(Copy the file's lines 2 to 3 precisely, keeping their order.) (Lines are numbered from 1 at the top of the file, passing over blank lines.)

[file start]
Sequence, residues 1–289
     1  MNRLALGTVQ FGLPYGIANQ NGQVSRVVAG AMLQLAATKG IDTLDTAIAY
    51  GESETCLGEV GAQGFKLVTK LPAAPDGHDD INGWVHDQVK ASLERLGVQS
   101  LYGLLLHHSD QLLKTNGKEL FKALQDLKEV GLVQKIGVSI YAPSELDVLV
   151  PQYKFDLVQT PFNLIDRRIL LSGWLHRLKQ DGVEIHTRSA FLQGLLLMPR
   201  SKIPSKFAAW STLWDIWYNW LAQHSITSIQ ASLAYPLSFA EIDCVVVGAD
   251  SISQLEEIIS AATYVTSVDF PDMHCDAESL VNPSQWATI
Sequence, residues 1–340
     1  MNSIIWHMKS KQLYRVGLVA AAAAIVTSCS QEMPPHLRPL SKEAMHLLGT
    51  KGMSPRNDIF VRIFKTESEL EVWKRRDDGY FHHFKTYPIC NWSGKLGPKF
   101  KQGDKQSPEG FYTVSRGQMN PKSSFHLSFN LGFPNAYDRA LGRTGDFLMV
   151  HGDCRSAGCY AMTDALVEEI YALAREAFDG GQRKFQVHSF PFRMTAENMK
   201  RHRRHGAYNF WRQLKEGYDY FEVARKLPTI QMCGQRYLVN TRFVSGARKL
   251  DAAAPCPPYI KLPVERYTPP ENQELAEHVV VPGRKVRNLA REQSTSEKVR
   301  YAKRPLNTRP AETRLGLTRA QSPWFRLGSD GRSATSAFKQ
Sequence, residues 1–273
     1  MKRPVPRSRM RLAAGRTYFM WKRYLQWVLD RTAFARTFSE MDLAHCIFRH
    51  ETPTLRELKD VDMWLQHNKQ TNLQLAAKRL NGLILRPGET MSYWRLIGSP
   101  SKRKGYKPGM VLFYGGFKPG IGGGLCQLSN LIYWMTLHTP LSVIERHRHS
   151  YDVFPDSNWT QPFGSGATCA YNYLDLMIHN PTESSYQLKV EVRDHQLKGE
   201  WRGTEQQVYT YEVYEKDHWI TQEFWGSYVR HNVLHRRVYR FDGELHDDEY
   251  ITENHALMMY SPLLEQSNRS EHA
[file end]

     1  MNRLALGTVQ FGLPYGIANQ NGQVSRVVAG AMLQLAATKG IDTLDTAIAY
    51  GESETCLGEV GAQGFKLVTK LPAAPDGHDD INGWVHDQVK ASLERLGVQS